Moving Difference demonstrates how differences between migrants who share the same nationality travel with them and can impact on every aspect of their 'mobile lives'. Analysing the lived experiences and narratives of Brazilians in London, it adds an in-depth ethnographic understanding of the specific contours of difference to studies of migration by demonstrating how social differences, rooted in colonial legacies, are constantly being re-created and negotiated in the everyday making of the global world.
By using ethnographic observations and in-depth interviews, in addition to historical and contextual analyses, the book allows us to understand how people speak of, engage with and negotiate difference in their everyday lives and how this is shaped by the macro-political and -social contexts of immigration and emigration.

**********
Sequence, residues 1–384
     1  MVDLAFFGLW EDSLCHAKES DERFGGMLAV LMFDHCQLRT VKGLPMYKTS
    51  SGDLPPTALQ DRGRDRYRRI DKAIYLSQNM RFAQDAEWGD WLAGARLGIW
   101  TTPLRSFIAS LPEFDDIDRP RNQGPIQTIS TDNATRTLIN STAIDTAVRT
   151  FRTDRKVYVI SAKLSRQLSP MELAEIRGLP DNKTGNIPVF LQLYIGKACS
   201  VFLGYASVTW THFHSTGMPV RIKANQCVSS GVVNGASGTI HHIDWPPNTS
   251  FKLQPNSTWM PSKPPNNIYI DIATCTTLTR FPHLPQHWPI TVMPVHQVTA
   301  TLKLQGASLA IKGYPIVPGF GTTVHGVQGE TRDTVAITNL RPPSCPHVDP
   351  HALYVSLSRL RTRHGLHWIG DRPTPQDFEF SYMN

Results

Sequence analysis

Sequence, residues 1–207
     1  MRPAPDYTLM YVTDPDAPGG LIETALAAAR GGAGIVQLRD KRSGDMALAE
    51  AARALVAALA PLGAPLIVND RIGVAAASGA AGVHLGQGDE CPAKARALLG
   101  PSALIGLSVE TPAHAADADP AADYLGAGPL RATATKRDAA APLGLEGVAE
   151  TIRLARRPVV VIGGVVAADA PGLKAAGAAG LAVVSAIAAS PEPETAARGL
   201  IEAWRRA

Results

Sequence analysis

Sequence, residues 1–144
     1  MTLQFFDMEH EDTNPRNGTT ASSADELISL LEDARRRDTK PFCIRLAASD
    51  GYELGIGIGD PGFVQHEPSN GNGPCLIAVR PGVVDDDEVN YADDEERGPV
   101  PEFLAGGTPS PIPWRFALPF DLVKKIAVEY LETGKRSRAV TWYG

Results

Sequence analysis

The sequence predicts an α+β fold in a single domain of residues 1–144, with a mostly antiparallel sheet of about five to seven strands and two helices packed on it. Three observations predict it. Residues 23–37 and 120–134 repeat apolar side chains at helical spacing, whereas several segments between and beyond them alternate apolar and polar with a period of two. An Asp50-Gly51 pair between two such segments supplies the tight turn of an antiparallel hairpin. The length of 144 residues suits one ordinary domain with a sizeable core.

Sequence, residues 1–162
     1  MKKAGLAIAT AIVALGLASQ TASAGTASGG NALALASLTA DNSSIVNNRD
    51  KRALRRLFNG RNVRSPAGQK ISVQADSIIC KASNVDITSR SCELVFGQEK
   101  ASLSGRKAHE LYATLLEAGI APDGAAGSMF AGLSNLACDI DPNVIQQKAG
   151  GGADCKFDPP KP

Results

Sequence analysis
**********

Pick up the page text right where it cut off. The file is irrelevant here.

Giving attention to the complex interrelations between 'here' and 'there', past and present, this book allows us to go beyond the proliferated homogenised stereotypes of 'the migrant' and 'the migrant community' often reproduced by academics as well as by the media and politicians, whether with a view to pathologising or romanticising the 'migrant other'. This title will appeal to students, scholars, community workers and general readers interested in migration, social class, gender, 'race' and ethnicity, colonialism and slavery, social exclusion, globalisation and urban sociology.